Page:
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# Negative definite integrals

We learned that definite integrals give us the area under the curve and above the x-axis. But what if the curve itself is below the x-axis? In this case, the definite integral is still related to area, but it's negative. See how this works and get some intuition for why this is so.

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• what happen when a is greater than b?
• The function will become negative because you are going in the reverse order.
• How the unit of the area is the only meter?
shouldn't it be Meter squared? at 3.40
(1 vote)
• We're multiplying velocity, measured in meters per second (m/s), and time, measured in seconds (s), so the resulting unit will be
(m/s) ∙ s = m ∙ s/s = m ∙ 1 = m (meters).
• This question has always bugged me: which is greater: -8m/s or 4m/s? Or does it not make sense to ask this question at all?
(1 vote)
• I think the difference between speed and velocity are key here.

Speed is pure numbers. There can be no negative speed. if a car is moving to the right at 4 m/s and another os moving left at 8 m/s, the left one may be moving in the negative direction, but speed doesn't account for that.

Velocity DOES take into account direction. That being said, it can have parts that are negative and parts that are positive. for instance if you had a space ship moving tot he right and down, right is the positive x directiona dn down is the negative y direction So it is very hard to compare things like that. It all depends on the question you are asking
• is it possible to know if the integral is below the curve if im not given a graph?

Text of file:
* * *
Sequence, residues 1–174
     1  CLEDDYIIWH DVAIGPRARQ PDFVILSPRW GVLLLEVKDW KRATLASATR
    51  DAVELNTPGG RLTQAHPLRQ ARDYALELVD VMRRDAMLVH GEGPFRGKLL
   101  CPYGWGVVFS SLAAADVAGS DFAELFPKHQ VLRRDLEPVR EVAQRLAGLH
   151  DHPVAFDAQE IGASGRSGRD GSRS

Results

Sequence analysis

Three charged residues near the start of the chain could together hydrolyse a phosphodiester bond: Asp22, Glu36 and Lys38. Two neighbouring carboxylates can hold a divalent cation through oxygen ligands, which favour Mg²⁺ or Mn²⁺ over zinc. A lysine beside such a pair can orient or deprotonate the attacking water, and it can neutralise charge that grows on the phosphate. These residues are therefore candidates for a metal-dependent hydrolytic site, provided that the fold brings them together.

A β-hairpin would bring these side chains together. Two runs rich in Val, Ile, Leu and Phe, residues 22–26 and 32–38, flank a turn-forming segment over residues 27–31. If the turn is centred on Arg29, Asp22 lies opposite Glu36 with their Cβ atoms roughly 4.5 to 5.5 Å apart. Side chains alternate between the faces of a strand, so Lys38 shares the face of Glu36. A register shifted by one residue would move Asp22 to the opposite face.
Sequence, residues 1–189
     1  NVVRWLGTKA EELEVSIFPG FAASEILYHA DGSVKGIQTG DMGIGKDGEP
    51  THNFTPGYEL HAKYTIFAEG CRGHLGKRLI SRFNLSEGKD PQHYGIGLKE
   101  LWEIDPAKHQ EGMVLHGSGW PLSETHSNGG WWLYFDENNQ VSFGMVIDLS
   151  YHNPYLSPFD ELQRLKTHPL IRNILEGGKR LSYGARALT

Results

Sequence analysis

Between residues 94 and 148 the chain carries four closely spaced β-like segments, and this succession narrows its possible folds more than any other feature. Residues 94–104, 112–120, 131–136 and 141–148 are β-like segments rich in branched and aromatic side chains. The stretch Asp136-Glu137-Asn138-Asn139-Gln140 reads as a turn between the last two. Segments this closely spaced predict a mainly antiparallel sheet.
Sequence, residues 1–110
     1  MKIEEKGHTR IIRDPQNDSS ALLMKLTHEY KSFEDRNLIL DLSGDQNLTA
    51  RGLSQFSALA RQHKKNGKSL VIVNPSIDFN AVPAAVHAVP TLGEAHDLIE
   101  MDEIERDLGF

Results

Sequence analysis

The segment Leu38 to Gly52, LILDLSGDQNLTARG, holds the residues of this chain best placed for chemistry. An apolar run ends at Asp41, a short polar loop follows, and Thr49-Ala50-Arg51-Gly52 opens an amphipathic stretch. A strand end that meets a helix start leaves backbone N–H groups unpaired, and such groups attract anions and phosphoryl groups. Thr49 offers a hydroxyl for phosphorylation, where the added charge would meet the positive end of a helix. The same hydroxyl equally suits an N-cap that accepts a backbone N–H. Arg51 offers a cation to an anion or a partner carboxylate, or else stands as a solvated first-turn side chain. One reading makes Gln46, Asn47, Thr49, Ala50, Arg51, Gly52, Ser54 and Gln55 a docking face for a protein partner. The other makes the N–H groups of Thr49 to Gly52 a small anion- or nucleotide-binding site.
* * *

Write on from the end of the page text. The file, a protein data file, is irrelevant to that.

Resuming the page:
(1 vote)
• If your integral comes out to be negative, it would imply that the area is under the x-axis, not under the curve.
• Can we just simply say that if the quantity is vectorial then under the x-axis there must be a minus ?? For example in this video velocity is a vectorial quantity.
(1 vote)
• The quantity needn't be a vector. For example, you can have a force-displacement curve which extends below the x-axis, making the area under the curve negative. The area under the curve here is work, a scalar quantity.

In general, area under the x axis is treated as negative area, irrespective of what the quantity is.
• what if a=-6; b=-2; integral(f(x)=6), what would be the area?+24 or -24?
(1 vote)
• If you're integrating from -6 to -2, you're taking the positive area because -6 is less than -2. f(x) = 6 is always above the x-axis, so this means that your area will be positive, as you're taking the integral in the normal direction of a function that has a positive area.
• at , if a is greater than b, what's the difference and why?
(1 vote)
• If a becomes greater than b, two possibilities come into play:

1. If the function is strictly below the x axis, the area will be negative. But, as your bounds are going from a higher number to lower number, on reversing them, a negative sign appears which negates the sign of the area, hence, giving a positive answer.

2. If the function is above the x axis, the area is positive. But, as we're going from a higher bound to a lower one, on reversing it, a negative sign comes and makes the area negative.
• Here is my understanding, could you please let me know if this sounds about correct
1. g(x) is the curve of the area under the curve and x-axis
2. g'(x) is the curve of f(x) which is the curve of the slope
3. f(x) is the curve of the actual function
(1 vote)